Reliability of ROCKET-AF anticoagulation data
I would like to add my concern to that of D. Cohen regarding the quality of evidence of the ROCKET-AF trial that led to regulatory approval of rivaroxaban for stroke prevention in non-valvular atrial fibrillation.
In the warfarin-treated control group, the mean Time in Therapeutic Range (TTR) was reported to be 55% - significantly less than the 62% and 64% reported respectively in the apixaban (ARISTOTLE) and dabigatran (RE-LY) trials. In the methods section of the published reports of all the above trials it is stated that TTR was calculated according to Rosendaal’s linear interpolation method. However, in the Supplementary Appendix (Table 5) available online with the full text of the ROCKET-AF report at NEJM.org it is stated that “Center TTR is calculated using total number of international normalized ratio (INR) values in target range from all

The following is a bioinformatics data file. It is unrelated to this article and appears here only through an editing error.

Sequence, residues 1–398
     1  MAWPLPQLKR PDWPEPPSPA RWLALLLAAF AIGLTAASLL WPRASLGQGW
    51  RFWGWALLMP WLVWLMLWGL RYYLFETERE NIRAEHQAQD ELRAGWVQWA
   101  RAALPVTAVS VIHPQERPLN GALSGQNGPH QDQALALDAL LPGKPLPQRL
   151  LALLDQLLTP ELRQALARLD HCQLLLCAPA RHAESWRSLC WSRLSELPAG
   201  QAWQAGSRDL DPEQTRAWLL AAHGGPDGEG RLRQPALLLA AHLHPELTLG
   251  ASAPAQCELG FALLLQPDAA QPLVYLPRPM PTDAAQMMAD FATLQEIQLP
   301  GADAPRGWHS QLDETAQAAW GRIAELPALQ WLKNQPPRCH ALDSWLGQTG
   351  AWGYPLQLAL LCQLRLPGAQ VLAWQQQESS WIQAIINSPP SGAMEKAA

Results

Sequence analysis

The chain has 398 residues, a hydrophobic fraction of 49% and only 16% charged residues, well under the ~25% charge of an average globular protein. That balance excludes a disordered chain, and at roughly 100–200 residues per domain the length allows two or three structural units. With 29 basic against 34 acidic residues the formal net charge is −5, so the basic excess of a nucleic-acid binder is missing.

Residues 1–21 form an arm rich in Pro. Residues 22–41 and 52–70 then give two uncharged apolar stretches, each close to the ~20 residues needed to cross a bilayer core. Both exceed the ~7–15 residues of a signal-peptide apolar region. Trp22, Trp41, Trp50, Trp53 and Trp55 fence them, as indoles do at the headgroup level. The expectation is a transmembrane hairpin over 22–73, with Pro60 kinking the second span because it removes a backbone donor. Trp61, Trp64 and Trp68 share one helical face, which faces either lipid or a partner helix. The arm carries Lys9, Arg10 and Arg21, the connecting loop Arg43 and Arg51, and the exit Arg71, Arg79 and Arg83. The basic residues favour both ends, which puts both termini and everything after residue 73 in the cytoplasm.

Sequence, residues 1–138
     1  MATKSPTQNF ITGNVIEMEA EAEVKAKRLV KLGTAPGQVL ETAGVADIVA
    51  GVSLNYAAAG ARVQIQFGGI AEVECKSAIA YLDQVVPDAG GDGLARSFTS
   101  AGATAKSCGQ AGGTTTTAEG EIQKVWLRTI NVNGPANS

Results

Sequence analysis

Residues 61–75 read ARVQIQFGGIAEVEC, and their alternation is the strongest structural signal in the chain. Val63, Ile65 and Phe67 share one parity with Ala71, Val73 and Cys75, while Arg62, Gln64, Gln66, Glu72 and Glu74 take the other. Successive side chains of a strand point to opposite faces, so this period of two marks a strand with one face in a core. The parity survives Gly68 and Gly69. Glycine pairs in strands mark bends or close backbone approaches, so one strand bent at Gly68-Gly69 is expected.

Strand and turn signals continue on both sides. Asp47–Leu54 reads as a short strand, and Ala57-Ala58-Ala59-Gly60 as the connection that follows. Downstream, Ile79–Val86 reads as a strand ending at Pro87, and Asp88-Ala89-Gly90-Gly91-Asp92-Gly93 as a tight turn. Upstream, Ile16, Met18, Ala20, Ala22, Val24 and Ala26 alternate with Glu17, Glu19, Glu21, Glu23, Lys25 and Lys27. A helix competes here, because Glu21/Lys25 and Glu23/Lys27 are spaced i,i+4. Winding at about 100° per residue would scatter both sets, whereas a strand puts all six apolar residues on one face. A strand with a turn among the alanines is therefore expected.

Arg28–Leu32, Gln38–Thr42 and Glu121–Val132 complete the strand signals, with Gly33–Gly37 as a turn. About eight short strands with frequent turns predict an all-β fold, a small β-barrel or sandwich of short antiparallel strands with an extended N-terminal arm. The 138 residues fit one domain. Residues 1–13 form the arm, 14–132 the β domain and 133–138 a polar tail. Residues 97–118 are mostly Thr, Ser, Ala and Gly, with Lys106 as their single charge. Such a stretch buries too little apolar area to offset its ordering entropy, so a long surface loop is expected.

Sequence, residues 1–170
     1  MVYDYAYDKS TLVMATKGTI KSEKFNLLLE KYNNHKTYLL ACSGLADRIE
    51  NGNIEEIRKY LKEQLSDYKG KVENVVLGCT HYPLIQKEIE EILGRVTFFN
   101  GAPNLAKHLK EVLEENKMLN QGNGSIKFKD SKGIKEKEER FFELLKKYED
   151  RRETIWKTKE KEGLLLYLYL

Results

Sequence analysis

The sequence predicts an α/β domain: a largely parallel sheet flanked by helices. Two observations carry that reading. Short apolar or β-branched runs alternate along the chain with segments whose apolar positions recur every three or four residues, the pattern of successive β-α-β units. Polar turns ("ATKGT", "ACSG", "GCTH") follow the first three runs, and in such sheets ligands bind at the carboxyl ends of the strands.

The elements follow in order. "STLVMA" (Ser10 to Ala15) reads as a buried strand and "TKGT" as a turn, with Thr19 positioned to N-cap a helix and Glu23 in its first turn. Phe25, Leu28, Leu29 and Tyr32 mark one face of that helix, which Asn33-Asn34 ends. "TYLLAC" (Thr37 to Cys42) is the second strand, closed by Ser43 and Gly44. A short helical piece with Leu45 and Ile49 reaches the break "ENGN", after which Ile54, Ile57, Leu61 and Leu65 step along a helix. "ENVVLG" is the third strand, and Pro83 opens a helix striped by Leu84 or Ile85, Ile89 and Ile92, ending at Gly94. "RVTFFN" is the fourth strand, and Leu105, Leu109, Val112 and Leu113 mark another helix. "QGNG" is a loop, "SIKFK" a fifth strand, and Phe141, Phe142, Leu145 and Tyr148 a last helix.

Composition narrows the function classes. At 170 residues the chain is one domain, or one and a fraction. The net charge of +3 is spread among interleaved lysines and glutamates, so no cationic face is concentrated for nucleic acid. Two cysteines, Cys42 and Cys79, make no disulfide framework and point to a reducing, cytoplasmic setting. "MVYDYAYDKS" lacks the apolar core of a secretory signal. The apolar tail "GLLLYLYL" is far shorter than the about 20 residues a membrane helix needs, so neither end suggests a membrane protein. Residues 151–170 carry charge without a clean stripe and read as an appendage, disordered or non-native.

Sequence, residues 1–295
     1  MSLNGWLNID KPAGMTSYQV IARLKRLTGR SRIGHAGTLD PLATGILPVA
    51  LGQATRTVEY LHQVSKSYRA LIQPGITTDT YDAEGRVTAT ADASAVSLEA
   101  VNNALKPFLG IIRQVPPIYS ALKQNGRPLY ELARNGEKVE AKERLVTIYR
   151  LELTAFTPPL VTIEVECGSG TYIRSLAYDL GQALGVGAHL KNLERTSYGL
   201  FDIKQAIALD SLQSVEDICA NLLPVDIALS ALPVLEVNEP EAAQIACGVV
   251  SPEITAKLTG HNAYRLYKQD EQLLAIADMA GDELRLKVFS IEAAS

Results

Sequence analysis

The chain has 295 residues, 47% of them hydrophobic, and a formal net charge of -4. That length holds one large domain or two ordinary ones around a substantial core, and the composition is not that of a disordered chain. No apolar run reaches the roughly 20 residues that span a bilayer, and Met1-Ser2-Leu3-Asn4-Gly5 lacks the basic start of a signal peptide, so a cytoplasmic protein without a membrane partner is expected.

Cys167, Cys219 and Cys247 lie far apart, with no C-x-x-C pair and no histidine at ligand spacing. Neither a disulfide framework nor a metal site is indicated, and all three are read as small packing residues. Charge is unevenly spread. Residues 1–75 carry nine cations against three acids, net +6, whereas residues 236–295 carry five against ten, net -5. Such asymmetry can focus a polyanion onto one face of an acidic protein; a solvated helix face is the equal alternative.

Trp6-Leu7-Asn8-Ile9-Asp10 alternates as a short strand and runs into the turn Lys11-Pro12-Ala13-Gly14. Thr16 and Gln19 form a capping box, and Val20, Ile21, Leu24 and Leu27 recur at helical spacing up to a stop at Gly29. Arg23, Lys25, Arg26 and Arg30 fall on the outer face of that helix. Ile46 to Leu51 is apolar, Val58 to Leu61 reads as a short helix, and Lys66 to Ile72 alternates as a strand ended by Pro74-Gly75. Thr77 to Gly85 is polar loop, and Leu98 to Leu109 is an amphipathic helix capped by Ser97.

warfarin subjects within a center divided by total number of INR values from all warfarin subjects within the center”. This percentage is a measure of anticoagulation quality entirely different from Rosendaal’s TTR and may yield values which deviate significantly from the mean of individual TTRs. This discrepancy is confusing and raises further questions concerning the reliability of the ROCKET-AF anticoagulation data.
All individual patients’ data should be made public, if our trust in the findings of this pivotal trial is to be restored. The campaign for open access to RCT data should be intensified.
1. D. Cohen. Rivaroxaban: can we trust the evidence? BMJ 2016;352:i575
2. Rosendaal FR, Cannegieter SC, van der Meer FJ, Briet E. A method to determine the optimal intensity of oral anticoagulant therapy. Thromb Haemost 1993;69:236-239
Last accessed 12-2-2016
Competing interests: No competing interests